Evaluating curriculum theory that is now prominent within education, this essay discusses the development of pedagogy in the context of a 10th grade classroom in Denver, Colorado. As the world largely remains one of overt racism, teaching nationwide must prepare our students to critically examine the world around them. I hope to find that fellow teachers begin or continue to engage in reflection on their own practices as it relates to curriculum, curriculum theory, and critical pedagogy. This publication contains my own reflections and course development work that may be replicated or reshaped to fit the contexts of a variety of classrooms.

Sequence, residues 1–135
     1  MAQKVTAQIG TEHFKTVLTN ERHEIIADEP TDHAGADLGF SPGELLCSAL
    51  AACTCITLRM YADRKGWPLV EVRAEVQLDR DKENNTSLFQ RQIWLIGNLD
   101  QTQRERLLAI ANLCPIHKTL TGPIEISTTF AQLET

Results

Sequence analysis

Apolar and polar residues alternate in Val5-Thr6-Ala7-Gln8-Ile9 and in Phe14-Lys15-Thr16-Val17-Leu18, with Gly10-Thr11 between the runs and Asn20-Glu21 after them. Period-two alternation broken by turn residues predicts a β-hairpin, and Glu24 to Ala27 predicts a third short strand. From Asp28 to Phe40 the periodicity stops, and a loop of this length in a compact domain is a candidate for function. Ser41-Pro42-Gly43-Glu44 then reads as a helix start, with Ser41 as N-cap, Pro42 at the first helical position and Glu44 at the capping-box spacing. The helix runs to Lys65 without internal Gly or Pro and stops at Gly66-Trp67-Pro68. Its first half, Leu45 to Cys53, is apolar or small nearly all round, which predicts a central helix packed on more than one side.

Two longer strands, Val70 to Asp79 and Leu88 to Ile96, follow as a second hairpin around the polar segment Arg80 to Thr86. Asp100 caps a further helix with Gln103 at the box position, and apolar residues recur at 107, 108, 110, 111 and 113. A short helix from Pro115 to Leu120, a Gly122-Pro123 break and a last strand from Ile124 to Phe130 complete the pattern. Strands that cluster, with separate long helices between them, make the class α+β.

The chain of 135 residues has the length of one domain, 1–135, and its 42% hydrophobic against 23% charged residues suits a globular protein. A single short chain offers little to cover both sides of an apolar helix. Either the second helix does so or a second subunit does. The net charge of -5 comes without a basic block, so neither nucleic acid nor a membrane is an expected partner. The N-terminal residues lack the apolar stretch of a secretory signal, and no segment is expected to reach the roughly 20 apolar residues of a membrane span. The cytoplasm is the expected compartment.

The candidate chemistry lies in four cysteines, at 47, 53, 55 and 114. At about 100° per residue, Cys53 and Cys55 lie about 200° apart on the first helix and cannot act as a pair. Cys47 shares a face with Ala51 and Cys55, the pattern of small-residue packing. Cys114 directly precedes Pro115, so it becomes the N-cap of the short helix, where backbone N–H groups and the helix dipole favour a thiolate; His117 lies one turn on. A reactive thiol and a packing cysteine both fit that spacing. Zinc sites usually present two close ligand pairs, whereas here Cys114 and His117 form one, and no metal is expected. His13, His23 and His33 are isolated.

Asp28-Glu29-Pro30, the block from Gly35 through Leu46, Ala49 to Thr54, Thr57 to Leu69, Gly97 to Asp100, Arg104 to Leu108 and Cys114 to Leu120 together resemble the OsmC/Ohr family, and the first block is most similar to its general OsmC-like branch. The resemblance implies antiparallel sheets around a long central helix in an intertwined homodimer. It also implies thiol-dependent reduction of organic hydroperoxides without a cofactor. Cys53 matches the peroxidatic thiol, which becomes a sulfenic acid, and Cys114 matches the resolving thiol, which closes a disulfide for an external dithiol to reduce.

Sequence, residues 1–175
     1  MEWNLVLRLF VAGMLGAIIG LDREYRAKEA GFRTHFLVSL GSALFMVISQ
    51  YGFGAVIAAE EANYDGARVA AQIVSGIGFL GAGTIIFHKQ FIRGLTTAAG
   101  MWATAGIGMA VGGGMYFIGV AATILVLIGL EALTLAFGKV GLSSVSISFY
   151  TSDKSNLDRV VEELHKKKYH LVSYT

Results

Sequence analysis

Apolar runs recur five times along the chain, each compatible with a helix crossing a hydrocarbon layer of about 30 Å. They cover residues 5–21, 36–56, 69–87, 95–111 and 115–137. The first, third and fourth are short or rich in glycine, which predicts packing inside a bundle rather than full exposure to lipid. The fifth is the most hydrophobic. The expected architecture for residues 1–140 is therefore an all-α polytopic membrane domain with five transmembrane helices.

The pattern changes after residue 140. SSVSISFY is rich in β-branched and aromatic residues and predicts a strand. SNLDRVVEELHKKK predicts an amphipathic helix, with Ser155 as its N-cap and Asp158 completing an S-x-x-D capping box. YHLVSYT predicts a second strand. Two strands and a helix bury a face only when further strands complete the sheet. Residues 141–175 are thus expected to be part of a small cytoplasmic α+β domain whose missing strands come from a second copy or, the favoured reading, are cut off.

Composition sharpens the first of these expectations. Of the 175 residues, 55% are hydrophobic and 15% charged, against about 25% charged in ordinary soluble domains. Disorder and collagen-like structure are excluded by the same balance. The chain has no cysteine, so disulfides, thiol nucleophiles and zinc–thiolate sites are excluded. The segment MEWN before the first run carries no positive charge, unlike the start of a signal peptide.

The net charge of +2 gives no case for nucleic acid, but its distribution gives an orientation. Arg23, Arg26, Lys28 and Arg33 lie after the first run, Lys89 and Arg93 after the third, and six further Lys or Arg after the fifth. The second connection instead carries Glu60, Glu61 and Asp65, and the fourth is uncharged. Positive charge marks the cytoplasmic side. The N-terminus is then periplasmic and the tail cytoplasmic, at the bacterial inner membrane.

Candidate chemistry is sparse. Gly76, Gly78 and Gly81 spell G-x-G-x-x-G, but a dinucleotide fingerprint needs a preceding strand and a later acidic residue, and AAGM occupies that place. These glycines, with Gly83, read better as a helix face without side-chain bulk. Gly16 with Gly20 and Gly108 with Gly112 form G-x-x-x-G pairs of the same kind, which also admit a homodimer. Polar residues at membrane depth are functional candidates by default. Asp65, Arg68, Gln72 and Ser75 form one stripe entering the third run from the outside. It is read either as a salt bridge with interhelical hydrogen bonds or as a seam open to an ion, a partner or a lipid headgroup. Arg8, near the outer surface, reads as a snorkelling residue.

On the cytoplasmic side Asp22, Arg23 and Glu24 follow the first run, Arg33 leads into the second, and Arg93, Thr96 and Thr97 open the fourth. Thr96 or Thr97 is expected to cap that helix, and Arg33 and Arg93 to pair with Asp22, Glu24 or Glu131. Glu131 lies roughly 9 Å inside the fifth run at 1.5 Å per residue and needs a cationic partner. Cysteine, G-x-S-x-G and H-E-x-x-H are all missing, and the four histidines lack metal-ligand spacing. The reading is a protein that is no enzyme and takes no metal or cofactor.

Schooling and curriculum in the United States is a war zone occupied by racist and anti-racist parties endlessly fighting to influence the status quo. This never-ending battle, to the detriment of our children, results in a stagnant and complacent education system. What’s more, the decentralized reality of education in the U.S. leaves it up to states to control the curriculum that is taught. In some progressive states, this makes room for the necessary teachings aligned with critical pedagogy and, perhaps most controversially, critical race theory. That said, there remain a dangerous number of states that are against the accurate teaching of history so as to minimize possible backlash against White people for their crimes against people of color. How does curriculum development unfold within this war zone?